Welcome to the intermediate Python programming tutorial series. In this series, we're going to be taking the "next steps" after one has become comfortable with the basics of Python, and has been working with it for a bit.
Up to this point, my tutorials have all been done using very basic, rudimentary Python. My definition of basic Python: code that is meant to "just make it run." This is fine for beginners, because there's not much point in overloading with nuances (most people wont retain it, since they don't care, at least I didn't when I was starting out).
I define intermediate Python code as:
In general, code that meets the above standards in Python is done with the Object Oriented Programming (OOP) paradigm. There does exist another paradigm, called Functional Programming (FP), and there are bloody wars fought over which is better. We're going to use OOP. Either one of these is better than outright scripting, which what most beginner programmers are really doing.
To begin this series, I am going to teach a few basic standard library functions and functionalities of Python that will replace otherwise bad habits in programming, before getting into Object Oriented Programming and design.
In this introduction, I will point you towards PEP 8. PEP 8 is a guide for Python styling. Things like white spaces, indentation, naming conventions, and more. PEP 8 is a guide, not a bible.
Finally, as we go through this series, it's a good idea to keep in mind "The Zen of Python" by Tim Peters:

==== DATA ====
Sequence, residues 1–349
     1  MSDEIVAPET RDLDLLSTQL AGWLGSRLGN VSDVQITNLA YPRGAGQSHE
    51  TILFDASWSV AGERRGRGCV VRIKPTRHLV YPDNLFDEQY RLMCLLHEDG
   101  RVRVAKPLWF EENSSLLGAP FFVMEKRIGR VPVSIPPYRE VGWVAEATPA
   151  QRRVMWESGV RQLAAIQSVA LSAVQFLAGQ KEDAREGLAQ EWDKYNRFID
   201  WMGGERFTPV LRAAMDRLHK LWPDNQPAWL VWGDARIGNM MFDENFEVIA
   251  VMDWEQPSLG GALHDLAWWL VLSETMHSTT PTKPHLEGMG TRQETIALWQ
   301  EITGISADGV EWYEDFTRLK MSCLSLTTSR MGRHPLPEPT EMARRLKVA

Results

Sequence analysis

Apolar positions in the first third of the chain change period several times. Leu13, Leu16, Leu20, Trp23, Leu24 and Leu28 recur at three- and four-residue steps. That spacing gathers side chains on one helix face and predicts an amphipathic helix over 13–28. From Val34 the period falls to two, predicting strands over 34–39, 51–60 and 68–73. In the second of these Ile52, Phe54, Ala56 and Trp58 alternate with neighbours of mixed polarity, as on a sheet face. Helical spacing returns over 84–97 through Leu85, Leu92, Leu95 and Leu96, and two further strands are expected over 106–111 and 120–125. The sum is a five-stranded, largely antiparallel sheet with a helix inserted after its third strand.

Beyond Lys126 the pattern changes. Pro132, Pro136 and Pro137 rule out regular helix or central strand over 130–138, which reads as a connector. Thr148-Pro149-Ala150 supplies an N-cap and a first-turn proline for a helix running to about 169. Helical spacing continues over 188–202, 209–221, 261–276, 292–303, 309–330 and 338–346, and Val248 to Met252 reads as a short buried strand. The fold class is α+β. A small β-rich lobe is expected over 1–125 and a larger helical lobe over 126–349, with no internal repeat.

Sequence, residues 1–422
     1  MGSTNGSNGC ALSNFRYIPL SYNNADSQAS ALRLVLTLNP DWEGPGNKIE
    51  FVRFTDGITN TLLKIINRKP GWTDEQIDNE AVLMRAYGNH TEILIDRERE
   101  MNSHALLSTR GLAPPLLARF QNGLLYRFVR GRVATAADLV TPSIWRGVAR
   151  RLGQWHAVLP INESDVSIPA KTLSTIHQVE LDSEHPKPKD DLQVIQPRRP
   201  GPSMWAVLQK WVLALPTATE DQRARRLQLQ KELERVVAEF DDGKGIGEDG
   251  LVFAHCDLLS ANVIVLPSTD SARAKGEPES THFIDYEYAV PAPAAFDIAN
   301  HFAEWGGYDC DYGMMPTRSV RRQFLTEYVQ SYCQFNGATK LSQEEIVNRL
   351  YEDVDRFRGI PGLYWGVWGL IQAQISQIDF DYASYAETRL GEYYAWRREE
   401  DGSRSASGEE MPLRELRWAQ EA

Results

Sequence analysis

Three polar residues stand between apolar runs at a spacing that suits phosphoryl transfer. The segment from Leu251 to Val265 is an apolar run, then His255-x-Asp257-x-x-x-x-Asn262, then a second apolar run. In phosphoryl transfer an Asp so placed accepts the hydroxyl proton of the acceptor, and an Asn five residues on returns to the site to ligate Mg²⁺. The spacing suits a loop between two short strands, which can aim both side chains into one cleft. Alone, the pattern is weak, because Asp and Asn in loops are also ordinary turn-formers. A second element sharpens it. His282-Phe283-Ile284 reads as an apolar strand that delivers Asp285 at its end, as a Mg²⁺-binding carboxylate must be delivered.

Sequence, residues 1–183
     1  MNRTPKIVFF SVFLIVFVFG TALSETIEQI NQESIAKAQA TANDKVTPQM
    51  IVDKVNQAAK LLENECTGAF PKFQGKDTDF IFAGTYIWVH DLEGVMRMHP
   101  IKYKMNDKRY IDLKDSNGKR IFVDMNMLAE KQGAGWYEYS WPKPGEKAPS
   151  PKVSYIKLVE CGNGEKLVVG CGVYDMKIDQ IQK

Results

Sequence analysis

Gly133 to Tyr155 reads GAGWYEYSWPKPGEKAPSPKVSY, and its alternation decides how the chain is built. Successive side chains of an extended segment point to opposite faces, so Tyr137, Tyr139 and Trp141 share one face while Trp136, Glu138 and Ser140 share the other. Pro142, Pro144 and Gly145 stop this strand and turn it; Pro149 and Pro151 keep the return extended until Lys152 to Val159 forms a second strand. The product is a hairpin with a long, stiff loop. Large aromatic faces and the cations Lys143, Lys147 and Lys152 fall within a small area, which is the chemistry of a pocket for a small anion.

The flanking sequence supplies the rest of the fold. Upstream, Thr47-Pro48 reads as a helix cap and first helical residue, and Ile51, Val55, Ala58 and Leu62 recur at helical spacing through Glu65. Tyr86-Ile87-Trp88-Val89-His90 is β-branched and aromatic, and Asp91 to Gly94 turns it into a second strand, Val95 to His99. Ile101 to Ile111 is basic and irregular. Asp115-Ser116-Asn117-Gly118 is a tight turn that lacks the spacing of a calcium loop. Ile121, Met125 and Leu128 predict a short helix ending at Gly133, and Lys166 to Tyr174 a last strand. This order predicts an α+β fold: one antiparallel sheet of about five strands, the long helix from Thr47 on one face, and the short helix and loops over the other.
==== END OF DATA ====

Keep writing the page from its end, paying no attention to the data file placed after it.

Python 3.5.0 (v3.5.0:374f501f4567, Sep 13 2015, 02:27:37) [MSC v.1900 64 bit (AMD64)] on win32 Type "copyright", "credits" or "license()" for more information. >>> import this The Zen of Python, by Tim Peters Beautiful is better than ugly. Explicit is better than implicit. Simple is better than complex. Complex is better than complicated. Flat is better than nested. Sparse is better than dense. Readability counts. Special cases aren't special enough to break the rules. Although practicality beats purity. Errors should never pass silently. Unless explicitly silenced. In the face of ambiguity, refuse the temptation to guess. There should be one-- and preferably only one --obvious way to do it. Although that way may not be obvious at first unless you're Dutch. Now is better than never. Although never is often better than *right* now. If the implementation is hard to explain, it's a bad idea. If the implementation is easy to explain, it may be a good idea. Namespaces are one honking great idea -- let's do more of those! >>>
In the next tutorial, we're going to talk about string concatenation and string formatting.